Although the formalisation of the discipline of risk management is relatively recent, the notion of enterprise-wide risk management first appeared in the 1960s, and was developed in the insurance field. In order to reduce losses, insurance companies encouraged their corporate clients to have a more-secure installation to prevent external risks. At this time, risk management was specific and limited. Since then, risk management has spread to other aspects of business, such as health, safety, manufacture quality and environmental protection. Risk management as we perceive it today is used in a wide range of activities, including compliance. Assessing compliance risks while utilising most of the traditional risk assessment approaches requires a specific tact when it comes to determining the potential impact the materialisation of these risks might have on a company.
Risk, risk management and risk assessments
Risk applies across all industries, and may be generated through a company’s activities or services throughout its lifecycle or due to changes in business and law. However, operational risks and compliance risks do not have the same scope of intervention in their application to business.
Compliance risk can be defined as the risk of breaching the law, the risk of material or financial loss, or the risk of loss of reputation an organisation may suffer as a result of failing to comply with laws, its own regulations or code of conduct, or even standards of best practice. An operational risk is defined as the risk of loss resulting from inadequate or failed internal processes, people and systems, or from external events. Operational risk can be created by a wide range of different external events, ranging from power failures to floods or earthquakes to terrorist attacks. Similarly, operational risk can arise due to internal events such as the potential for failures or inadequacies in any of the organisation’s processes and systems or those of its outsourced service providers. Nevertheless, and despite the differences within the term, techniques in terms of managing the different types of risks can be approached in a similar manner.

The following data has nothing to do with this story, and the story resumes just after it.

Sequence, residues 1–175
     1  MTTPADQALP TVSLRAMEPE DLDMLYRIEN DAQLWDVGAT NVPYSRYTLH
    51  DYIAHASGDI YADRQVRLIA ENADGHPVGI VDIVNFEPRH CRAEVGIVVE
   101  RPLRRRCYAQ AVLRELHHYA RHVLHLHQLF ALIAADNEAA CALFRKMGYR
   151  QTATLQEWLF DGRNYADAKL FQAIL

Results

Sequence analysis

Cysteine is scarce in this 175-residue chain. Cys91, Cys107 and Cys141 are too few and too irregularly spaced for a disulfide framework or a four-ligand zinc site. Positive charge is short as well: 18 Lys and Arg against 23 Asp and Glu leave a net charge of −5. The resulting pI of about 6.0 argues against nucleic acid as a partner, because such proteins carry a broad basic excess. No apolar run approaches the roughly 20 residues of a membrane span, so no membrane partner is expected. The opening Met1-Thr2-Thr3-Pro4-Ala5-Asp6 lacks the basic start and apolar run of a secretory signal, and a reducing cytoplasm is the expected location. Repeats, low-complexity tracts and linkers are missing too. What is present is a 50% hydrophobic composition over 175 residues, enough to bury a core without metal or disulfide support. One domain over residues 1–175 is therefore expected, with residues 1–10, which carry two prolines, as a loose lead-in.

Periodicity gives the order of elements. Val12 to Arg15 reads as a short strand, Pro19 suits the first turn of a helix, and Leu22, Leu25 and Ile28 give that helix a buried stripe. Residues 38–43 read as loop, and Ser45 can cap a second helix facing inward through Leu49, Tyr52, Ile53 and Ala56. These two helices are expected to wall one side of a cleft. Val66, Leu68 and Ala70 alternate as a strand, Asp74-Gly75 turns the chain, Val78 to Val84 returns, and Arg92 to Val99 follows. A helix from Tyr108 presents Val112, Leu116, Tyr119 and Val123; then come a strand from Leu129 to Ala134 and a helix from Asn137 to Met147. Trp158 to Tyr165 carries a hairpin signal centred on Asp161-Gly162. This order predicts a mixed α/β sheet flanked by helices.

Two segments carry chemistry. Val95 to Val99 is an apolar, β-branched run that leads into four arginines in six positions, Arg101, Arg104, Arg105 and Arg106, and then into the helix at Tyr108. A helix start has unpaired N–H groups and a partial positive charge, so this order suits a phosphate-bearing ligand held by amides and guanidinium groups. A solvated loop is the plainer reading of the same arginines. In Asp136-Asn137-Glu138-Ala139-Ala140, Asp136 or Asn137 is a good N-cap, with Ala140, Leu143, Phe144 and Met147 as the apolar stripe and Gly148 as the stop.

Another distinction that needs to be underlined here is between risk management and risk assessment. While risk management aims at controlling the level of risk associated with an activity, the objective of a risk assessment is to identify and measure the risks associated with this activity. Risk assessment is a key step in the mitigation process.
Compliance risk assessments
A risk assessment in its general sense involves three key steps that can be applied to the function of a compliance risk assessment.
Different departments of an organisation are encouraged to identify sources of compliance risk, areas of impact, risk events, and risk causes and potential consequences in order to generate a comprehensive list of risks. The identification of compliance risks can come in various forms, such as email communications, minutes of meetings, issue logs, brainstorming and discussions. Some of the most common compliance challenges that a company should consider, and that can affect a company’s decision making, are:
- corruption and bribery
- privacy breaches
- anticompetitive behaviour
- grey market selling
- intellectual property infringements
- human rights
- sanction breaches
- export control breaches
- fraud, embezzlement and money laundering.
At this stage of the process, each compliance risk will be analysed to comprehend its nature and determine its impact. The impact of risks, should they materialise, will be measured using a matrix combining consequences and likelihood. The measurement can be expressed either in quantitative, semi-qualitative or qualitative terms. The outcome of the weighting determines the priority and as such provides basis for risk evaluation. The risks with high probability of occurrence and a strong impact are received in detail and captured in a risk register: a central repository that will be consistently monitored and managed.